The National Academies conflict of interest policy also includes additional points, such as:
- “The term ‘conflict of interest’ applies only to current interests. It does not apply to past interests that have expired, no longer exist, and cannot reasonably affect current behavior”;
- “The term ‘conflict of interest’ applies not only to the personal financial interests of the individual but also to the interests of others with whom the individual has substantial common financial interests if these interests are relevant to the functions to be performed”; and
- “[A]n individual should not serve as a member of a committee with respect to an activity in which a critical review and evaluation of the individual’s own work, or that of his or her immediate employer, is the central purpose of the activity, because that would constitute a conflict of interest, although such an individual may provide relevant information to the program activity.”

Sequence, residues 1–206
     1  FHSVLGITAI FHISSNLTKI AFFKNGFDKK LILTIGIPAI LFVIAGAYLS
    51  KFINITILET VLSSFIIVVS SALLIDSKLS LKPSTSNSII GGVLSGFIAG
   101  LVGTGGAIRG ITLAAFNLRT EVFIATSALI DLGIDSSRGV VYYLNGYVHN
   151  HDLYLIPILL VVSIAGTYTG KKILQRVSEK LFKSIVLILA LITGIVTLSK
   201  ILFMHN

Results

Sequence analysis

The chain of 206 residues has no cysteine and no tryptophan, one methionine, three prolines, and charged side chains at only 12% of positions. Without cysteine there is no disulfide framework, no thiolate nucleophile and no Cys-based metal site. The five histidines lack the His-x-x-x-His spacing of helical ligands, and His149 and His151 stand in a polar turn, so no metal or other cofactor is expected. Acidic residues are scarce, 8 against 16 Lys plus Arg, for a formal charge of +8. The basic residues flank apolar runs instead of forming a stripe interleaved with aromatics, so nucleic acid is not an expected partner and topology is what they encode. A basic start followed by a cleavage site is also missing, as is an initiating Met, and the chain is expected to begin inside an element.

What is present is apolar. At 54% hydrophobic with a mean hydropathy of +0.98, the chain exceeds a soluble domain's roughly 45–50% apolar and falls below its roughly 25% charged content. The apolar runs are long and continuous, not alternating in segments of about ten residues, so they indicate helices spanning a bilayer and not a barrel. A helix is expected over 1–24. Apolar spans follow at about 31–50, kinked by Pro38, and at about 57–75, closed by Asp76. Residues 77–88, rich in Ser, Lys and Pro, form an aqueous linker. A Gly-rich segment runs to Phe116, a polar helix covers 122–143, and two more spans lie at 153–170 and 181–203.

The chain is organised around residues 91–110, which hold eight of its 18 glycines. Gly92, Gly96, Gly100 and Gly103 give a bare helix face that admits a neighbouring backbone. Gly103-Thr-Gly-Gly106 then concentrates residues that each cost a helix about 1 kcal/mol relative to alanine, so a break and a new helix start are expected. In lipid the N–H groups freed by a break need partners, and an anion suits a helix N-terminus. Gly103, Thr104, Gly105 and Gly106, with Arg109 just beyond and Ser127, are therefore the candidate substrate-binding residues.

These are important considerations, but the entire issue of how to address conflicts of interest is very complicated. Bias can exist in numerous ways that may not be evident. Further, conflict of interest policies themselves could lead to biased outcomes based on selection criteria that favor or disfavor individuals. This is yet another reason why it is so critical that the public have access to the science, as well as a means to evaluate and address the science. Too much focus on the messengers can also be a distraction from what is ultimately the key issue: What is the message?
There should be skepticism of the government science regardless of the strength of conflict of interest policies, the evaluation by the “experts,” and the types of studies used in drawing conclusions. The only way to remove this skepticism is for the public to provide the necessary check on the science.